Wednesday, June 08, 2005

The case FOR analyst reports 1 comments

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Should we rely on recommendations from analyst reports to make our decisions (what stocks to buy, what action to take on our existing holdings)? The simple answer is no, since broker opinions are perpetually ridiculed by most investment writers and gurus such as Warren Buffett. Yet, is there really zero utility that we can extract from these reports?

The case against analyst reports is well known to most who are in the investment game. The analysts are from the sell-side ie. they belong to brokerages whose job is primarily to market securities. As it is for most salesmen, their bias is towards promoting the good side of their product, in this case shares. Conflict of interest is also created when their brokerage owns the stock. Further pressure on the analysts to issue favourable stock reviews is created when they rely on the companies they cover for a lot of information and hence do not want to anger them unnecessarily.

But I have often found such reports useful in a number of ways.

Firstly, the analysts' full-time jobs is sector and stock research so they typically manage to unearth more useful information about the company than a small-time investor can on his own. I find that reports covering company visits by the analysts are quite informative on issues like capacity utilisation, management outlook/updates etc. The trick is to separate the useful facts from the opinions. The corroboration of facts mentioned in an analyst report with other evidence eg. another analyst report, or news available elsewhere, will serve to validate the information.

Secondly, when an analyst initiates coverage of a stock it signals that this stock might be starting to ignite institutional interest. I find that this is especially the case if the brokerage issuing the report is a foreign broker, as they serve the big foreign money. And when the big money starts to nibble at the stock, you can be sure that price rises are sure to follow.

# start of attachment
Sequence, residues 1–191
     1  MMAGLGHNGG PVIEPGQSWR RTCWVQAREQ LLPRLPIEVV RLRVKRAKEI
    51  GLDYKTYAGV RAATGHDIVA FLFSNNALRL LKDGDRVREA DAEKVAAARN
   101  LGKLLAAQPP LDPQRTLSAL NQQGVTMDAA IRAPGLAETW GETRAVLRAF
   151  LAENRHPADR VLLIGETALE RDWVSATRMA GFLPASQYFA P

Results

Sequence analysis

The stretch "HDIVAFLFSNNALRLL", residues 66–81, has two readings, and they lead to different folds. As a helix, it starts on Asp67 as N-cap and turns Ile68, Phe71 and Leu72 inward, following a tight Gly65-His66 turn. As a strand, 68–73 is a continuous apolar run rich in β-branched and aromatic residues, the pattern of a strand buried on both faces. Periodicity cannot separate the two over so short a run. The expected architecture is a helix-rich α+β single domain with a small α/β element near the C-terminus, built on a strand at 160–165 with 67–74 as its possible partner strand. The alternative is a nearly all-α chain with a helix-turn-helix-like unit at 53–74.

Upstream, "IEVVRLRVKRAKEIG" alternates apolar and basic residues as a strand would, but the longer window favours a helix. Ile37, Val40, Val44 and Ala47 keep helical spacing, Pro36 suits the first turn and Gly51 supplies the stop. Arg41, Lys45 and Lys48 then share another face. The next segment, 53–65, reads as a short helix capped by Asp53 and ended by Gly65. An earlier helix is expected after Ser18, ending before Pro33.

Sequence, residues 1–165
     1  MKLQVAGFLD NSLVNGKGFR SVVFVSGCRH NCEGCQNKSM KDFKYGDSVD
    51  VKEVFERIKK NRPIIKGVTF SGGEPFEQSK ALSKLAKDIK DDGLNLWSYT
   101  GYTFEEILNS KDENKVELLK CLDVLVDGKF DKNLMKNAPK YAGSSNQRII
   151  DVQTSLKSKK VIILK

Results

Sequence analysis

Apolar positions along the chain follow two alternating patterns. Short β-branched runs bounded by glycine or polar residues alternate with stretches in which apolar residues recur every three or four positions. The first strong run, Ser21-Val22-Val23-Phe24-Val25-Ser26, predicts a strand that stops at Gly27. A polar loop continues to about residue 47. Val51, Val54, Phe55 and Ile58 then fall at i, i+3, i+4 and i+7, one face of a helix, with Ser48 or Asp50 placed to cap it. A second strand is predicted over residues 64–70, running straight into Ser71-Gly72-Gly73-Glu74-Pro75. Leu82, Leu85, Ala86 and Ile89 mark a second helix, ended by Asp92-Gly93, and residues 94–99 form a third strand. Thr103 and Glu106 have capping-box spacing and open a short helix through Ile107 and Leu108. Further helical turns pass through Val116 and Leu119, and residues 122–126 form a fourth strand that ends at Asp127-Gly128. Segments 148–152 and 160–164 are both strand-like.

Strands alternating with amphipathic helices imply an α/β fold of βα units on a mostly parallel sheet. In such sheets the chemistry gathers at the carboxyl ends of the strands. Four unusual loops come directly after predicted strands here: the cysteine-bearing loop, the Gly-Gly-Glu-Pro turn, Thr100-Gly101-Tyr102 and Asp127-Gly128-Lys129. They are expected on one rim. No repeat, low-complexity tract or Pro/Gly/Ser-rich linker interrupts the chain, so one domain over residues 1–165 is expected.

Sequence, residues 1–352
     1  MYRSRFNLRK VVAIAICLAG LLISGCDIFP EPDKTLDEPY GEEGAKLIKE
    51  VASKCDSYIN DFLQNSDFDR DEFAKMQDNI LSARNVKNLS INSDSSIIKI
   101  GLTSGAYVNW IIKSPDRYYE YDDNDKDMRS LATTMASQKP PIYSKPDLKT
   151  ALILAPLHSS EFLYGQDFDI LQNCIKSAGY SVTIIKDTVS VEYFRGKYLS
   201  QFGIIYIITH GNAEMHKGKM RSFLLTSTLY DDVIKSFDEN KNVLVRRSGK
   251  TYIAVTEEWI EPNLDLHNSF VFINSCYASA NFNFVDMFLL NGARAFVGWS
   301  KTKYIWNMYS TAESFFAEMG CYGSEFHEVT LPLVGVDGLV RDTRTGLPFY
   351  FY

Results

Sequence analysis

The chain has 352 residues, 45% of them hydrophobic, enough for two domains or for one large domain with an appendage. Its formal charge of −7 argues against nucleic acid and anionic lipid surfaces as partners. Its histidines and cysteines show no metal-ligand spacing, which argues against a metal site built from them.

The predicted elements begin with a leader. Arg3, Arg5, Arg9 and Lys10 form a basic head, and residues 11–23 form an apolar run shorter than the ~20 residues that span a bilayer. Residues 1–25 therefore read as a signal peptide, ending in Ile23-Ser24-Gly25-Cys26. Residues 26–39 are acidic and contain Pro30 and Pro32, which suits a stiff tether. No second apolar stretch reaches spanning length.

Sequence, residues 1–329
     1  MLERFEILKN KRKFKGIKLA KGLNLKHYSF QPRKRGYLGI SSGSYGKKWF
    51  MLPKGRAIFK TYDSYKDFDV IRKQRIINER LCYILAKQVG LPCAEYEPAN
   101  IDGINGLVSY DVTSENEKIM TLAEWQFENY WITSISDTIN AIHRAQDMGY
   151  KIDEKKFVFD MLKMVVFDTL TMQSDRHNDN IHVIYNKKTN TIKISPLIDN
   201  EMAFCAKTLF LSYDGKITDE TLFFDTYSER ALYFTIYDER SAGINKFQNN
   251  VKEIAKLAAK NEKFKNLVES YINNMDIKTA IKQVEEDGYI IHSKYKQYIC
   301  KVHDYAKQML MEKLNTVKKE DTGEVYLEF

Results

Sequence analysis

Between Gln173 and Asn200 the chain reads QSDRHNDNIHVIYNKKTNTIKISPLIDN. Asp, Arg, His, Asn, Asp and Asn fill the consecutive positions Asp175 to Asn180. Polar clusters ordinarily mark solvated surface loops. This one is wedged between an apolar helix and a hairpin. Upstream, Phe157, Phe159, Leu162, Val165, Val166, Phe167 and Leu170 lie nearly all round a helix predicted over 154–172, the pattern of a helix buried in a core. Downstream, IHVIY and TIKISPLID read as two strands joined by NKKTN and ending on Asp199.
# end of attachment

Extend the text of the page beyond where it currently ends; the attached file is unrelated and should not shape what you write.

Thirdly, analyst reports quite often lead to price rises. You certainly want to be on the leading end of the buy orders, and in fact many institutional funds base their buying strategy on having early availability to which stocks are going to be upgraded by analysts. This creates a problem for the small investor because when the report is made available to him, his buy might coincide with the sell of these institutions who bought earlier. Yet there are many stocks which have exhibited price rises long after they were upgraded. Maybe the broker recommendations should only be selectively taken in by the investor; he can treat the broker as having done an initial stock screening for him to narrow down his search; further decisions to zoom in to a particular stock need to be made subsequent to more personal reading up and examination of the company's past records and fundamentals.

Fourthly, the target prices issued by the brokers often serve as some kind of upper cap to how much the stock price can go in the medium term. If the target price adjusts too fast, I will often take it as a warning sign unless the fundamentals for the stock has altered significantly.

Last but not least, reading the reports can provide a good education for the new investor. These reports are prepared by people who have been in the investment trade for some time and who are typically obsessed with stocks; the investor can see how they analyse the stock from different angles and using different valuation methodologies. Definitely more practical and useful than reading theoretical models like the Capital Asset Pricing Model.





Great post best news yet.

2/09/2014 10:26 AM  

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